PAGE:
gion was restored to the same state as under

king Edward, the universities were so entirely “ lost, that there were scarcely two of the same “ opinion with the reformers. As to the bishops “ and clergy, (bishop Cox adds, they were una“ nimous for popery, firm as a rock."I

“ But if the reformation was carried on, it was “not (say you) perfected without the bishops." True, because it was never perfected at all. That glorious work remains to immortalise, perhaps, the names of its present governors. But, to whatever perfection it hath been at all brought

• Defence, p. 140. + Only one bishop conformed himself to the queen's commands, and was continued in his place, viz. Kitchen of Llandaff. Fuller's Ch. Hist. Book ix. p. 59, and Book vii. P 414.

† Neal's Review, p. 58. Vide also Fuller's Ch. Hist. Baok ix. p. 50.

§ II. Defence, p. 139.

since its first establishment, it was brought only and entirely by the authority of the crown and parliament, our excellent constitution acknowledging no legislative power, or authority, but theirs. *

“ And, as for the XXXIX articles, these (you allege) were some years after passed in a con

vocation of the bishops and clergy.”+ Whether they were passed in a convocation or not, with regard to their authority, is of no moment at all : their unanimous assent adding not the least grain to their obligation on the subject, nor their most zealous dissent in the least detracting from it. But did not your heart smite you, Sir, at the very mention of these articles, the XXXIV th of which declares expressly against you, “ That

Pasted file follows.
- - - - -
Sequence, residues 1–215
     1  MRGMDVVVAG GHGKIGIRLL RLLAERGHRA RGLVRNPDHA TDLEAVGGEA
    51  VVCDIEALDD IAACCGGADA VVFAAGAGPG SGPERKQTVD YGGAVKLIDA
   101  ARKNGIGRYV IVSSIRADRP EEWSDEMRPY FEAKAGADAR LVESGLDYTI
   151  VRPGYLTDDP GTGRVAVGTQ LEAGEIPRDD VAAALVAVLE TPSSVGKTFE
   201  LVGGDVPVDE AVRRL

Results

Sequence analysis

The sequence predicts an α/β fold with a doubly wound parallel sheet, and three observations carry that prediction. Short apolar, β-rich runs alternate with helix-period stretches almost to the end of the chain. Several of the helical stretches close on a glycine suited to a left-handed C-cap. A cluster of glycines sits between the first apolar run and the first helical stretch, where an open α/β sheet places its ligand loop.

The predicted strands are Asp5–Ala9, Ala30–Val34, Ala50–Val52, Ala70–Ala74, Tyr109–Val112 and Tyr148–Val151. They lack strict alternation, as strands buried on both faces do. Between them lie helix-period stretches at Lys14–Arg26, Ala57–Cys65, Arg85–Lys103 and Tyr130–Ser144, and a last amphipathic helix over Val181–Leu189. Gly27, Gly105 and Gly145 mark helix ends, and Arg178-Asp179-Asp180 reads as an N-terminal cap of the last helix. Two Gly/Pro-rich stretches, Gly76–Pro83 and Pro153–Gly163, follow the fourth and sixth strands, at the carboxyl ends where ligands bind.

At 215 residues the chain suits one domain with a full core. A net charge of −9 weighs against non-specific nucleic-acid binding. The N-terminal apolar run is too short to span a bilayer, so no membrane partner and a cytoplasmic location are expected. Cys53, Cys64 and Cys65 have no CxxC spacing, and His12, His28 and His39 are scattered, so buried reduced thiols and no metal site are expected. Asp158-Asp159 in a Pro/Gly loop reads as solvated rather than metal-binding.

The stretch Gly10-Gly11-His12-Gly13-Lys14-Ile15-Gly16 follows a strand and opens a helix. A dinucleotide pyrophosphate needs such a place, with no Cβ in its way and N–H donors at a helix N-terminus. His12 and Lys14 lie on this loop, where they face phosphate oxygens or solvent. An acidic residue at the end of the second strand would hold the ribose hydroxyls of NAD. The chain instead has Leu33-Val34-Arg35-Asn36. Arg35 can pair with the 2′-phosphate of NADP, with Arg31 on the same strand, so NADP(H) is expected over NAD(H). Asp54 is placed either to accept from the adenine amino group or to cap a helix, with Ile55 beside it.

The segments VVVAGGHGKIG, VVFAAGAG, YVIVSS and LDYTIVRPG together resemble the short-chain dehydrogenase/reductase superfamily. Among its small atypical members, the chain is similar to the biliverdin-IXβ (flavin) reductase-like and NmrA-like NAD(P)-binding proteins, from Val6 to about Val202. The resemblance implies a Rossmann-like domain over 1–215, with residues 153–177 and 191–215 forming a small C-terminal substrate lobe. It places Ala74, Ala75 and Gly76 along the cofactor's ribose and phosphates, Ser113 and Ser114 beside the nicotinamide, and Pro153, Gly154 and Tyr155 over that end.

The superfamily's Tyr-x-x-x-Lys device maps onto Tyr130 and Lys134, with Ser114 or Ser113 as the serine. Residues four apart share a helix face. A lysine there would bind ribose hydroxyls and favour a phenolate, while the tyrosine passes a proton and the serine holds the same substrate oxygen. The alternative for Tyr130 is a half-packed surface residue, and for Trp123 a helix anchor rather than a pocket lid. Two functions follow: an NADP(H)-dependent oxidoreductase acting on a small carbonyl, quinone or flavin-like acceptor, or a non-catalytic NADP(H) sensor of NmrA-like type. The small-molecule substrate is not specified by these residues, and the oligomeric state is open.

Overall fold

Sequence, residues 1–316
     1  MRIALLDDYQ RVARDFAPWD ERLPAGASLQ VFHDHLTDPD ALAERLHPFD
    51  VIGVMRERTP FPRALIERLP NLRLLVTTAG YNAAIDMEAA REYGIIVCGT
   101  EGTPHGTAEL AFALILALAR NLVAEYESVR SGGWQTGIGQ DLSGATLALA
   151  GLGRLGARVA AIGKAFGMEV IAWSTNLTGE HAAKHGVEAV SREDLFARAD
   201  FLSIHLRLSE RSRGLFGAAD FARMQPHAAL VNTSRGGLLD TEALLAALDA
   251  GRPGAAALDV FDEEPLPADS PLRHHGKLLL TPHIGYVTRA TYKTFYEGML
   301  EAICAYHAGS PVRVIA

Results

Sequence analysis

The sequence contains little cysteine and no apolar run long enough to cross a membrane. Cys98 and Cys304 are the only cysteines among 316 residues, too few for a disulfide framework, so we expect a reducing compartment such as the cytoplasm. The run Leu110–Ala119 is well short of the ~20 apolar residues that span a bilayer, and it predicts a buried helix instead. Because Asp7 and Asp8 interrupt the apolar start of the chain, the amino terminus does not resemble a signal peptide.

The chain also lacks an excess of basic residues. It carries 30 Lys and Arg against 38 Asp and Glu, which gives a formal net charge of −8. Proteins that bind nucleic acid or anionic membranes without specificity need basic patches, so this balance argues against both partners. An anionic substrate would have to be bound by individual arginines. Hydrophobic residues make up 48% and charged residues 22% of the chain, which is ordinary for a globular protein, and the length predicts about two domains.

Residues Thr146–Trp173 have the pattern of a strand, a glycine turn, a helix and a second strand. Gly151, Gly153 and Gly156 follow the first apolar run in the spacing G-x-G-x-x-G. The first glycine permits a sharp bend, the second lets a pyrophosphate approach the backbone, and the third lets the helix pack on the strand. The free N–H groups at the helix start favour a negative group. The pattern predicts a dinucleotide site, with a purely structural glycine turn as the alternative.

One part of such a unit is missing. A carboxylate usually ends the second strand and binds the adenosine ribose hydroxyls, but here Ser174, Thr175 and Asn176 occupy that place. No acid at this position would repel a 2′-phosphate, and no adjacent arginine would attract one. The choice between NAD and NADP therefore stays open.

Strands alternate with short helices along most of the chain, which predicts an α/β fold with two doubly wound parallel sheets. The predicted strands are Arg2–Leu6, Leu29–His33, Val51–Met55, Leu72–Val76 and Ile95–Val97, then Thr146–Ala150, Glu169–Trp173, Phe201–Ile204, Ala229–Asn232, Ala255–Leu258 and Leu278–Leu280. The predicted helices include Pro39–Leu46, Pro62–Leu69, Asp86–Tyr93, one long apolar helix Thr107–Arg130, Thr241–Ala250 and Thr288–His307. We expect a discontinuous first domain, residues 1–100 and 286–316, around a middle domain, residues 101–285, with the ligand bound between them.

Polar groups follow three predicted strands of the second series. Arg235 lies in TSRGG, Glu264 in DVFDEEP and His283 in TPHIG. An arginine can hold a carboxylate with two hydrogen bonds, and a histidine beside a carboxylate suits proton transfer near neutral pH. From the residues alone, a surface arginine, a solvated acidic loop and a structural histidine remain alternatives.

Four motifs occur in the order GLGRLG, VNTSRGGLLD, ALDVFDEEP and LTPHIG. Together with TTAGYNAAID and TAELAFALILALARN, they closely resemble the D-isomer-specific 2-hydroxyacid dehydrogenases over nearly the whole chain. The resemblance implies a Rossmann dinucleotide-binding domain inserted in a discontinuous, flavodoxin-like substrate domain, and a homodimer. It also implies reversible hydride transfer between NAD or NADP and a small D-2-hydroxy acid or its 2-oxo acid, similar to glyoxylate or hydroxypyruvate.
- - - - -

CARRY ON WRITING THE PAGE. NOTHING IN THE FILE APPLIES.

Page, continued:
your church ceremonies were ordained by the “ authority of the civil magistrate." The same also your XXXth canon. You have several times subscribed the truth of this article, and sworn to this canon. With what countenance then, durst you thus publicly oppugn and contradict it, and in open defiance of our articles and sta

Synods and convocations have, in all ages of the church. seldom done good; often much hurt ; have generally obstructed, not promoted reformation, which has mostly been carried on by lay councils and hands. The sentiments of a learned fa. ther, who had seen much of these church proceedings, may not be unworthy to be here remembered. Sic sentio, si verum, scribendum est, &c. My opinion is this, if I may be allowed to speak the truth, that all conventions of bishops are to be avoid. ed; for, I never saw any good come of any synod ; nor that it did not much more mischief than it hindered. For, truth, in such assemblies, is generally borne down by a spirit of strife and. vain glory. Greg. Nazian. Epist. ad Procop.